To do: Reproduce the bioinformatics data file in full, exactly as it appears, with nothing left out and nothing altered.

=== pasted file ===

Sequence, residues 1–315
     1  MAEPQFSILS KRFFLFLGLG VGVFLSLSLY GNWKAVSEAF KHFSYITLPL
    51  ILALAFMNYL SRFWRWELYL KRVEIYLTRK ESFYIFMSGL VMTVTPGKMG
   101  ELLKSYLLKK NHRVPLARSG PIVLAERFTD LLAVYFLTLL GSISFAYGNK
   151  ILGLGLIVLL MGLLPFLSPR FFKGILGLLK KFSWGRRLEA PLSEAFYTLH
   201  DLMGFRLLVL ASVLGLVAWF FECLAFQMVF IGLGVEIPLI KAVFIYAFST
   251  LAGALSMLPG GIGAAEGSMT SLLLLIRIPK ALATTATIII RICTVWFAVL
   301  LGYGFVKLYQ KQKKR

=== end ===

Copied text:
Sequence, residues 1–315
     1  MAEPQFSILS KRFFLFLGLG VGVFLSLSLY GNWKAVSEAF KHFSYITLPL
    51  ILALAFMNYL SRFWRWELYL KRVEIYLTRK ESFYIFMSGL VMTVTPGKMG
   101  ELLKSYLLKK NHRVPLARSG PIVLAERFTD LLAVYFLTLL GSISFAYGNK
   151  ILGLGLIVLL MGLLPFLSPR FFKGILGLLK KFSWGRRLEA PLSEAFYTLH
   201  DLMGFRLLVL ASVLGLVAWF FECLAFQMVF IGLGVEIPLI KAVFIYAFST
   251  LAGALSMLPG GIGAAEGSMT SLLLLIRIPK ALATTATIII RICTVWFAVL
   301  LGYGFVKLYQ KQKKR